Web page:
TALLAHASSEE (CBSMiami/AP) — This legislative session, Florida lawmakers are considering a number of bills which deal with public records.
One which is one aimed at strengthening the state’s public records laws moved easily through a Senate committee last Thursday, coincidentally the same day former Gov. Reubin Askew died.
He had led the campaign to pass Florida’s 1976 Sunshine Amendment, which required financial disclosure by all public officials, candidates and employees.
The bill, sponsored by state Sen. Jeremy Ring, pleases open government advocates as an ambitious effort that would limit fees for record searches, define records that are confidential or exempt in keeping with existing court decisions and require private contractors for government agencies inform that agency before it denies a public records request.
The bill (SB 1648) also requires public agencies to train all employees on the state’s open records laws.
“It is interesting that we did the bill the day (Askew) passed away, as he was a great pioneer of open government,” said Ring, a Broward County Democrat.
“The last time we’ve had bills to really improve the state’s public records law was in the ’90s,” said Barbara Petersen, president of the First Amendment Foundation, a media-funded group that monitors the government’s compliance with Sunshine laws. She provided input on the legislation. “It’s getting better, I have to say. ”
The proposed bill is an “amazing, significant improvement that we haven’t seen for years,” added Joel Chandler, executive director of the Citizens Awareness Foundation, an operation devoted to government transparency.
The bright spot shines in a field of exemptions as Sunshine Week runs this week through Saturday. It’s a national campaign launched in 2005 to call attention to the importance of open government.
Overall, the Florida Legislature is considering more bills dealing with public records this year than in last few years, Petersen said.
“Which surprises me, because we usually see fewer in an election year and normally this time of year have about half as many,” said Petersen, whose foundation is tracking 125 bills. The foundation has singled out seven as being particularly bad, while noting that five are moves in the right direction, including Ring’s bill, which has a House companion (HB 1151).
Most of the bills moving through the Legislature seek exemptions to the Sunshine law rather than to enhance it, adding to the nearly 1,000 exemptions already in place. The bills seek to exempt:
o Email addresses held by a tax collector for the purpose of sending tax notices to individuals (HB 421 and SB 538).
o Personal identifying information in auto accident reports (HB 865 and SB 1046).
o Unsolicited proposals received by a university board of trustees, stipulating that the proposals will be exempt from public disclosure until the board receives and ranks the proposals (HB 543).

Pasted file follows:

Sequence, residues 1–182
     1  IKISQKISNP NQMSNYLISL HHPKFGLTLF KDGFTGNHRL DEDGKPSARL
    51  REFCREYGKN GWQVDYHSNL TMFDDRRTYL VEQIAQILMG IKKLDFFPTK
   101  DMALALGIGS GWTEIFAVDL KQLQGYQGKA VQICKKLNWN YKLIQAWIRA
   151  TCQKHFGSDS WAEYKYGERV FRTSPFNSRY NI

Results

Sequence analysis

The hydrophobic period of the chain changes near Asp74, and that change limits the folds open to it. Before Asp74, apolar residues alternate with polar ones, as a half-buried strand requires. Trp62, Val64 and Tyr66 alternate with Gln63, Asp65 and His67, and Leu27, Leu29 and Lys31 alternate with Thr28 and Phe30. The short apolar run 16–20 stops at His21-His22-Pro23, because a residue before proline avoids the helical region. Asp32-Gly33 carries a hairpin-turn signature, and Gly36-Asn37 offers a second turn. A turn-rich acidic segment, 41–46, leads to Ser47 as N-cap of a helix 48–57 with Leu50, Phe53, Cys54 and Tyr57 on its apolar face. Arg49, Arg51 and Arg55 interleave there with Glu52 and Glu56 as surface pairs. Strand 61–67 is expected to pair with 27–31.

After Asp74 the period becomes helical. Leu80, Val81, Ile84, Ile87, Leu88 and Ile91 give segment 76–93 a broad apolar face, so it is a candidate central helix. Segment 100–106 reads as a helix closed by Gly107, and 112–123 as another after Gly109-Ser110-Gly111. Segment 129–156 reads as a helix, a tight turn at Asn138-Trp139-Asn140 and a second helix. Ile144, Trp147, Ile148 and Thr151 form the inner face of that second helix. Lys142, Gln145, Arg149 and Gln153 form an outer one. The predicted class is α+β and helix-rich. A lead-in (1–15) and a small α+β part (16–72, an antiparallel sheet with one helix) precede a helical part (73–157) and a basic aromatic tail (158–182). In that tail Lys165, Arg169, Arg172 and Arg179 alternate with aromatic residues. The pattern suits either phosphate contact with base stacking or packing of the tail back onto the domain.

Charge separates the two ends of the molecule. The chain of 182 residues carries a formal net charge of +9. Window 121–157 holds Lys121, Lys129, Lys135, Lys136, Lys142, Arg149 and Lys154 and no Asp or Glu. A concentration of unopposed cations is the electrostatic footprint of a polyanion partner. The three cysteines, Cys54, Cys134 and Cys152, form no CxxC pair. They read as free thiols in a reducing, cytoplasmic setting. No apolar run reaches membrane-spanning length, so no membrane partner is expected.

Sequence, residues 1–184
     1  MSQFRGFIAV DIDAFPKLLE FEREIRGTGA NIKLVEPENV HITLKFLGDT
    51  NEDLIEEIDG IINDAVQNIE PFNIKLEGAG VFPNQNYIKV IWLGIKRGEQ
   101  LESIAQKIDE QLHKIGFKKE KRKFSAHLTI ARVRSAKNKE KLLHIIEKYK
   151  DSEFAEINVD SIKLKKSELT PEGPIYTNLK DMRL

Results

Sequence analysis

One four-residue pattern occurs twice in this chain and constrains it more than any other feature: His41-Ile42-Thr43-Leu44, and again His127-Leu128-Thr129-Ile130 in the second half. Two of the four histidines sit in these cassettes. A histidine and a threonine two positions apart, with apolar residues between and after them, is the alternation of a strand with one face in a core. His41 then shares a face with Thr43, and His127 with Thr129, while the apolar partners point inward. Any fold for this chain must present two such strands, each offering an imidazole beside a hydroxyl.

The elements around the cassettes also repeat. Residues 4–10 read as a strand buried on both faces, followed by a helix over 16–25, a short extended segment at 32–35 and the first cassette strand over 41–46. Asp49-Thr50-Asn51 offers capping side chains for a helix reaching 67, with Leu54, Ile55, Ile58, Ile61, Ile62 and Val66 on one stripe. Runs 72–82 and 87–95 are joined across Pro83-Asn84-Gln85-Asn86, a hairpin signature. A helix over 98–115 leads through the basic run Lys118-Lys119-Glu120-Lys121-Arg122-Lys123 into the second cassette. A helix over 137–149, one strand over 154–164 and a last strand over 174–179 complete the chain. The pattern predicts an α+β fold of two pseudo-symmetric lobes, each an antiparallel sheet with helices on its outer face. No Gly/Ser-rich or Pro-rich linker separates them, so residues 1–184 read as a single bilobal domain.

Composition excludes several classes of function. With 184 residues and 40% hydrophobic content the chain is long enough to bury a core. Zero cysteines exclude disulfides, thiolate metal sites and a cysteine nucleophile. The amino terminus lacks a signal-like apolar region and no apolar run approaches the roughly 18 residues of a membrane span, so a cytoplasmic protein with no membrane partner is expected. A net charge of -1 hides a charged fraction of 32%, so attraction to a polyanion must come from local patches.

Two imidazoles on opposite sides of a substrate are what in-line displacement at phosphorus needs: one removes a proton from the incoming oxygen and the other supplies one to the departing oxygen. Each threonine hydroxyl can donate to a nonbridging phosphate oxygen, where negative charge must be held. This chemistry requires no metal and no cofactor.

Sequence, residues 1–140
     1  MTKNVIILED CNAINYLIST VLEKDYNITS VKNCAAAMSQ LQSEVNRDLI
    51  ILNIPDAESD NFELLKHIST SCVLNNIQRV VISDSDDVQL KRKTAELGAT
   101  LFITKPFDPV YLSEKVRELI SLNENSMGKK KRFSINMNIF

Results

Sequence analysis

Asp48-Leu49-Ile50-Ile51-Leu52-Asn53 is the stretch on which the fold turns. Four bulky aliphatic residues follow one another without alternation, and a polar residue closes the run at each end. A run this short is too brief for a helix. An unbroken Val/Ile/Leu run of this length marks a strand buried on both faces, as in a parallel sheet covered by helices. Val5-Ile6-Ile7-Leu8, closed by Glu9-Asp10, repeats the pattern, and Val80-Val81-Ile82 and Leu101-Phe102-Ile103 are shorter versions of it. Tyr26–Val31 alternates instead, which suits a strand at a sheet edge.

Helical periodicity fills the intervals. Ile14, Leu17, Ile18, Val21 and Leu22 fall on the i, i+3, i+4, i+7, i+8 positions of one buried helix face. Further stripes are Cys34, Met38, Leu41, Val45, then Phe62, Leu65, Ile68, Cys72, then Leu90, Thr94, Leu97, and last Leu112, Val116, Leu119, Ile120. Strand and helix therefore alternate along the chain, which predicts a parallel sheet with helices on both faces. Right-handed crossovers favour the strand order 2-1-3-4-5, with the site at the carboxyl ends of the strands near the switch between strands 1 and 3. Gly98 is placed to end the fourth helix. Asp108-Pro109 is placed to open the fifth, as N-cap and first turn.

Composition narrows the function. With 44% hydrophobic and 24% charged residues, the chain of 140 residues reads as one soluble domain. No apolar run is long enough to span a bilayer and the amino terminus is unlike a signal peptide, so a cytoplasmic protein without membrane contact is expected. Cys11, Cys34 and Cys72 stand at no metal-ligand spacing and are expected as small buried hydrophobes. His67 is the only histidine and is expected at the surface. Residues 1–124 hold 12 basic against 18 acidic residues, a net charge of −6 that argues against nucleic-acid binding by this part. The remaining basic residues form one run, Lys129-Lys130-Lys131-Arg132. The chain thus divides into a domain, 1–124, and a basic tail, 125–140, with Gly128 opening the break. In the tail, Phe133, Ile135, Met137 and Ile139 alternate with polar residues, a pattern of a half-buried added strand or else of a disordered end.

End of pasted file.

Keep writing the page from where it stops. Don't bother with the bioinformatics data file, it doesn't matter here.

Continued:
o The identification of current or former employees of the state Department of Health whose duties include the investigation of complaints against health care practitioners or the inspection of facilities licensed through the department (SB 390).
o Records collected that deal with drug testing of public officials (HB 1437).
o Information identifying applicants for the position of president or dean of a public university or college, and meetings held for the purpose of vetting those applicants (HB 135 and SB 728).
That last one, the identification of higher education job applicants, particularly annoys Petersen. By limiting early access to the names, it makes it difficult for newspapers, TV stations and others to investigate the job applicants before they are hired. Proponents of limiting access argue that some candidates won’t apply if their current employer will find out early in the process.
“We’ve seen it before,” she said. “It makes no sense. It’s a known fact that in academia, you move around all over the place. This justification that people won’t apply because they might put their job in jeopardy is baloney.”
The abundance of public records bills is fodder for the Citizens Awareness Foundation, a non-profit open records advocacy group that launched in January. It’s been part of 70 open records lawsuits since it started, some on its own behalf and others through connecting citizens with a beef to a legal resource.
Executive Director Chandler has filed over 200 public records lawsuits in Florida since 2008. He claims to have prevailed in 99.6 percent of them.
“What we do is ask nice once, but there won’t be a second time, and why should there be? It’s the law in so many of these cases,” said Chandler, who ran his own watchdog website before joining Citizens. “I am convinced that when the public or the media has to bargain with officials, all that does is embolden the officials to break the law.”
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